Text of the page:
I agree with you about the choice. I bet the director didn’t though. With Pitt or Cruise in the lead role, there is no way that this would get a quiet release.


    • Good call on Renner being good in American Hustle. I too thought he was overlooked in favor of American sweethearts like Jennifer Lawrence and Amy Adams (even though they were admittedly very good too). He’s really intense here, and I appreciate him being able to shine a light on this very interesting life story. It’s one I feel that will be overlooked far too easily, and it really shouldn’t.

      Liked by 1 person

  3. I liked Renner in The Immigrant, I’m really looking forward to this one. His face is very familiar but I’m not sure where else I have seen him. But The Immigrant was a great film


    • Nice! Oh wow, I had completely forgotten about that one, despite me not seeing it. It was at my local indie theater for all of like, 2 weeks I think. :\ But I heard that was great, esp Cotillard.

      Here, Renner is also great. If you’ve seen The Avengers or The Bourne Legacy then you’ve caught him in some higher-profile action-hero roles.


    • There’s some level of depressiveness to it, but I wouldn’t be put off by its somber tone. There’s definitely an importance to the proceedings. I’m glad this has been made, for I would have otherwise never known about this guy. It’s a shame so many still don’t.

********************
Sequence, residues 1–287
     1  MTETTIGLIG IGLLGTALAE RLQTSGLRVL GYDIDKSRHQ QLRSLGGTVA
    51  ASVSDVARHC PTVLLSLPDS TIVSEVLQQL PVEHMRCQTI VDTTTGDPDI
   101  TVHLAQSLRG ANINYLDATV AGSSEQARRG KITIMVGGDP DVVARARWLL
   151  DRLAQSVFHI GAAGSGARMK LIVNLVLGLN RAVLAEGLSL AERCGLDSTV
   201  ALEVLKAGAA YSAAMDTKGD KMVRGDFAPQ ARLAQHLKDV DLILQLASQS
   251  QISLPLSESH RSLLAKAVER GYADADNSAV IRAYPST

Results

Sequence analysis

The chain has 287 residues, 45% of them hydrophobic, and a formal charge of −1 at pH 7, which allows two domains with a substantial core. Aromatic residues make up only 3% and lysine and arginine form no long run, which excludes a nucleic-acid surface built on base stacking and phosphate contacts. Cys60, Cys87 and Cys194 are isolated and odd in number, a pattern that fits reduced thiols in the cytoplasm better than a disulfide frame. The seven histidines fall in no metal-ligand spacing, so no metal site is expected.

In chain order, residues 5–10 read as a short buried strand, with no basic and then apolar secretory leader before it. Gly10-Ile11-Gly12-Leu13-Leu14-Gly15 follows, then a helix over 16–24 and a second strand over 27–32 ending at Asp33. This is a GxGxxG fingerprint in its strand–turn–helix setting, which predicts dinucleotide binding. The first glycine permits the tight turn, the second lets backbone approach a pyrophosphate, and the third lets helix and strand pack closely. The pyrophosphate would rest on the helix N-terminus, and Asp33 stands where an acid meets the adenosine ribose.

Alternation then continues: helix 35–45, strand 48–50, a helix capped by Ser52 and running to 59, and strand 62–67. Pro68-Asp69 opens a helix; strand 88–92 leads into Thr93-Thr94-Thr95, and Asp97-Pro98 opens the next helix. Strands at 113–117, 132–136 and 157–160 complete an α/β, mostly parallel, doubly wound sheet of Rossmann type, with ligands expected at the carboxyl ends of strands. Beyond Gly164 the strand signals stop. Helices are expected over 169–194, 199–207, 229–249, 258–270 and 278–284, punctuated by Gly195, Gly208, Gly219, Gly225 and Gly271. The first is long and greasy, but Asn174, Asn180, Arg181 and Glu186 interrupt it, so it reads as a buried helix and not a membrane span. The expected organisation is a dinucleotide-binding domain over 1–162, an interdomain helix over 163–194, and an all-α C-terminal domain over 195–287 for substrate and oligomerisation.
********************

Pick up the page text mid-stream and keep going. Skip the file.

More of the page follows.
Thanks dude!


  4. This is the first review I’ve seen for this Tom – sounds pretty good and worth a watch. I like Renner, I think he’s had a bit of a raw deal in the Marvel films and sounds like he’s getting a raw deal from the old Bourne franchise too. Looks like this makes better use of his talent.

    Liked by 1 person

    • Yeah I wished there was more of him in The Avengers, but I enjoyed what I did get of him. Not seen any of the Bourne movies, so I can’t comment on that. 🙂

      I would suggest seeking this out any way you can man, he’s really ace here. A very solid political thriller if that sounds like something you would be interested in.


  5. Being an up-and-coming journalist like myself, I felt like this one hit closer to home. Wasn’t a perfect movie, but its intentions were dignified and it also gave Renner a chance to really sell Gary Webb as a person, rather than as an example. Good review Tom.

    Liked by 1 person

    • For sure man! Great way to look at it too, it humanized the guy rather than set him up on a pillar or make him look more than he was. A pretty solid story to go along with. I don’t know why it took me nearly 2 months to write the review! haha


  6. Nice review man! I really wanted to see it, but it only screened down here for three or four weeks, it was gone before I had a chance. So now I wait! And it looks worth it, I wanted to see it as soon as I heard about it.

    Your comments regarding the massive political shitstorm that this created are spot on. This movie is good in that it reminds us that, yes, that is how the US government operates. But on the other hand, I liked your line ‘questionable suicide’. Questionable indeed. Hardly a coincidence methinks.

    Nice write up. Now I’m really pissed that I missed out on seeing this! Apparently it bombed at the box office, at least down here, hence the short screen-time. Dunno if that was a wordwide trend, but i hope to see this on BR soon!!

    Nice review mate


    • Cheers man, yeah Kill the Messenger is an unfortunately quiet release. Too bad to hear it bombed down where you are, I don’t think it’s done too badly here in the eastern US.

      I really enjoyed Renner is this, good to see him in for a change.


Comments are closed.